**Update: You can order my zine FLEDGLING COMICS by filling out this ORDER FORM.**
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Writer. Artist. Educator. Facilitator. Fledgling Comics Maker.
Isabel Garcia-Gonzales is a writer, artist, educator, facilitator, and fledgling comics maker. She has received fellowships, residencies, and awards for her writing, including support from Hedgebrook, VONA/Voices, and the Bread Loaf Writers’ Conference. She was a finalist for the Poets and Writers’ California Writers Exchange Award, the Pen Parentis Fellowship Award, and the Glimmer Train Very Short Fiction Award. Her work has appeared or is forthcoming in publications including Nonwhite and Woman: 131 Microessays on Being in the World; Kuwento: Lost Things, An Anthology of New Philippine Myths; and Riksha: Asian American Arts in Action. She holds an MFA in Creative Writing from Mills College and is a core organizer of Banyan: Asian American Writers Collective. She lives in the Chicago Area with her partner and three children.
Isabel is at work on a novel-in-stories with illustrations, LISTEN FOR INSTRUCTIONS, and a collection of Super Flash Comics about her life in the Filipinx/Asian American diaspora, RECOVERED KNOWLEDGES.
More about me
For many years, I identified myself solely as a literary fiction writer, but during the pandemic, a time in which so many lines have been blurred, erased, drawn, and redrawn, my work has evolved in unexpected ways.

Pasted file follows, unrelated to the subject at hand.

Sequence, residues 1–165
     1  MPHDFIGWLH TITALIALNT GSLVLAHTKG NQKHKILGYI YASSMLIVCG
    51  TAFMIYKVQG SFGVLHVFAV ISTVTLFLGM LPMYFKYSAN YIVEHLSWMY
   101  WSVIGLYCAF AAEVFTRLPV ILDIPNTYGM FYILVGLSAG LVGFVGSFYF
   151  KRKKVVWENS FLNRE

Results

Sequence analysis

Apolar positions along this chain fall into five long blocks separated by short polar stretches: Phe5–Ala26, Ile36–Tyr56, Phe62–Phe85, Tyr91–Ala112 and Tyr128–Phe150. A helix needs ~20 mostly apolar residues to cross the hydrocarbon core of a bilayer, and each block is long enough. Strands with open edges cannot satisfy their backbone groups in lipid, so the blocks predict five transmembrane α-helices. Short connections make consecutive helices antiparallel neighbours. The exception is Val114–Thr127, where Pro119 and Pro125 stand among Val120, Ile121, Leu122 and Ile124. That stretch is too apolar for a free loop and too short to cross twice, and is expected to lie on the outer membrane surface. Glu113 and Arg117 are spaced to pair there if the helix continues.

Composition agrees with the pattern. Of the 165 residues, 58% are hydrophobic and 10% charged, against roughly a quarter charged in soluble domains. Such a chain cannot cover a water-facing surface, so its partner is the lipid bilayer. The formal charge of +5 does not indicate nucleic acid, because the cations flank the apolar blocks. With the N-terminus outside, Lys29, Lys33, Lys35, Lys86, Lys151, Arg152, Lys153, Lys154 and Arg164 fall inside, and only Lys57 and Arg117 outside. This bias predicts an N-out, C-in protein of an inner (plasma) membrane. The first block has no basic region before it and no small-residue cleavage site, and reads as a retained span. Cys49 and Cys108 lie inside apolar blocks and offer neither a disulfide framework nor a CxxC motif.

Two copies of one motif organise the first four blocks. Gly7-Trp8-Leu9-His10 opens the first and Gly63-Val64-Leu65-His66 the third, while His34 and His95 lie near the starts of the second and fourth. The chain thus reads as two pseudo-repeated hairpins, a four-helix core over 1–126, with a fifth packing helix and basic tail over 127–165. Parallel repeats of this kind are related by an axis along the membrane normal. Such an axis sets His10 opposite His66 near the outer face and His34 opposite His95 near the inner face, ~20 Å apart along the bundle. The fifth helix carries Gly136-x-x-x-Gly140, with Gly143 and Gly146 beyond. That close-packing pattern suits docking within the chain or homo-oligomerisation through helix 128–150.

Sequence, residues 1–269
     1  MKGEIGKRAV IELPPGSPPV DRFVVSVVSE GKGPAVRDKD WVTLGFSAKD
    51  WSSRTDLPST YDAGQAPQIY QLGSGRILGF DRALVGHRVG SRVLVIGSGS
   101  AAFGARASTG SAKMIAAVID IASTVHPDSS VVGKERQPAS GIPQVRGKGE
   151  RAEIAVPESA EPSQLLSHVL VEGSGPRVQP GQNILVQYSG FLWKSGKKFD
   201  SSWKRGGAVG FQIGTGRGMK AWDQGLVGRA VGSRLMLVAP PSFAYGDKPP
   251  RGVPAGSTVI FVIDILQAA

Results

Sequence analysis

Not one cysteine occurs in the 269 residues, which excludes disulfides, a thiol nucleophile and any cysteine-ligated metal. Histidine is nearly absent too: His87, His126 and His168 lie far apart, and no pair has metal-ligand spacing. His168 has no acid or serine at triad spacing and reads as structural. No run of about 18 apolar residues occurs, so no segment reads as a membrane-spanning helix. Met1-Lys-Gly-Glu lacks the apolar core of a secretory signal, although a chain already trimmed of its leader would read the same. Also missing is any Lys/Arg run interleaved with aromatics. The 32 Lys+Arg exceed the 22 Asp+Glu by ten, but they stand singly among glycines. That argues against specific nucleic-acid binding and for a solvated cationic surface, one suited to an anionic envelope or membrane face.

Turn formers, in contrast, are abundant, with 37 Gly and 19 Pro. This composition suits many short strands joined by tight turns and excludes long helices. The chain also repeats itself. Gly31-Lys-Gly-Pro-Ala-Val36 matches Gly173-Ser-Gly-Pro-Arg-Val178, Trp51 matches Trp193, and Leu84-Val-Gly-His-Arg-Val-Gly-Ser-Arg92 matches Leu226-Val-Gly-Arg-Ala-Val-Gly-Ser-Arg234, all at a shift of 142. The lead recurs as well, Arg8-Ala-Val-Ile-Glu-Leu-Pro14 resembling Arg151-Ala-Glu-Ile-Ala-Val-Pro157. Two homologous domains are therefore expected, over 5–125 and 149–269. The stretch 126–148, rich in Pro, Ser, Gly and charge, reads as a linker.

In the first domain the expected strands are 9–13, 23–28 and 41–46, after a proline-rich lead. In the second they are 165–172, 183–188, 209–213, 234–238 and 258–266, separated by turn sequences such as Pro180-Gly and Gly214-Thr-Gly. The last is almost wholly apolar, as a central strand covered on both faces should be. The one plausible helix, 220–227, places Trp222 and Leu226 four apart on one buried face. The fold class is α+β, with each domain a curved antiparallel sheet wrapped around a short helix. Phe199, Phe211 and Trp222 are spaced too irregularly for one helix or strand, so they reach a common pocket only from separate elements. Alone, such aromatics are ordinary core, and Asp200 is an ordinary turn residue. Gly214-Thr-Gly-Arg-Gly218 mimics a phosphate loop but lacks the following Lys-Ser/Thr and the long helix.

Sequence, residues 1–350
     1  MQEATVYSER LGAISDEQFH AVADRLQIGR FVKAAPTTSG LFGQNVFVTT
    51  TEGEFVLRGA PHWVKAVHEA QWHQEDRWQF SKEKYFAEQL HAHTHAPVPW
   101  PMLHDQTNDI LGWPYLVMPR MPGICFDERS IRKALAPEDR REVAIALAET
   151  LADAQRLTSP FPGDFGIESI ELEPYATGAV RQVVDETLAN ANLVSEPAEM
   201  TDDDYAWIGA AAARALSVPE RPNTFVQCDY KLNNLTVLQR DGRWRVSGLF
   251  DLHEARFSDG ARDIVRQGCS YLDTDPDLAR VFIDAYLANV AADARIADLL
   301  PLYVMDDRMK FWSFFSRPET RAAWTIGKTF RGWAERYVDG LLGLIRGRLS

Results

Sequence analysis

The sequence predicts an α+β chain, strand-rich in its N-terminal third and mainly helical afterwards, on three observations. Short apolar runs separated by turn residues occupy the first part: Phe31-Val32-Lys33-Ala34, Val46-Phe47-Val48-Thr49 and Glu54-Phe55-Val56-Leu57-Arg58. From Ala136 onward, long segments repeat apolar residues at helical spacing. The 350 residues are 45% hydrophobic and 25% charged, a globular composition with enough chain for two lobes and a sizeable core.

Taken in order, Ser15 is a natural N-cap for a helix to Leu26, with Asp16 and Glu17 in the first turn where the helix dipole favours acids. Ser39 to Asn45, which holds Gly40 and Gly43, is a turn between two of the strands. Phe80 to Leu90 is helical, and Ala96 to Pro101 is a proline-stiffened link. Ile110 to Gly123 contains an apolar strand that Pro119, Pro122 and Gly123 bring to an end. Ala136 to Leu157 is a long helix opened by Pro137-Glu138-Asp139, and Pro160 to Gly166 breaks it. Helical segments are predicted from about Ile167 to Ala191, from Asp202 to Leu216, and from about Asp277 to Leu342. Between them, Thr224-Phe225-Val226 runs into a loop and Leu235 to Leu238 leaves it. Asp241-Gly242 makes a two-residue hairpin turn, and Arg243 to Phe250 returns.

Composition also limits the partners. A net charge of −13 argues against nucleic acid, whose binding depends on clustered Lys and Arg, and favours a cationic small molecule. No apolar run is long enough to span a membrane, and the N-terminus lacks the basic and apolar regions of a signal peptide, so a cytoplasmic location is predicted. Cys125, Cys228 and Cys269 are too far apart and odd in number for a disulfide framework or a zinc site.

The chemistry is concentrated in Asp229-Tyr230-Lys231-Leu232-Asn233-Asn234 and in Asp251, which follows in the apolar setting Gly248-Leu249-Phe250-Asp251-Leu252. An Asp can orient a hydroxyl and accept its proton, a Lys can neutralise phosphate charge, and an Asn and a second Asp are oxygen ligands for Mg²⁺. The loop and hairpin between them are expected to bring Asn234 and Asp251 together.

One sunny afternoon while on a lunch break from remote working, I sat down at the kitchen table with my ten-year-old son to join him in making comics. He was making an epic comics series called Stargirl, and I had earlier been scrolling through Instagram where a post by wonderful comics artist Lynda Barry caught my eye. She posted a prompt on how to create what she called a “super flash comic.” I decided to give it a try, to release the idea of what kind of art I did and didn’t do, release the idea of perfection, release the idea that parenting was in direct opposition to the time and space I needed to create.
On that afternoon, I made a quick and very amateur super flash comic called “Mushroom” and from there a light turned on inside of me. Now, I cannot stop drawing and making what I call my “fledgling comics.” And now, illustrations are part of my writing practice, seeping their way into my novel-in-progress and infusing new energy into my life and work. I am learning to allow the rich muck and joy of parenting to be a fertile place from which to learn, grow and make. I am learning to embrace imperfection and joy in making.
Mushroom: My very first super flash comic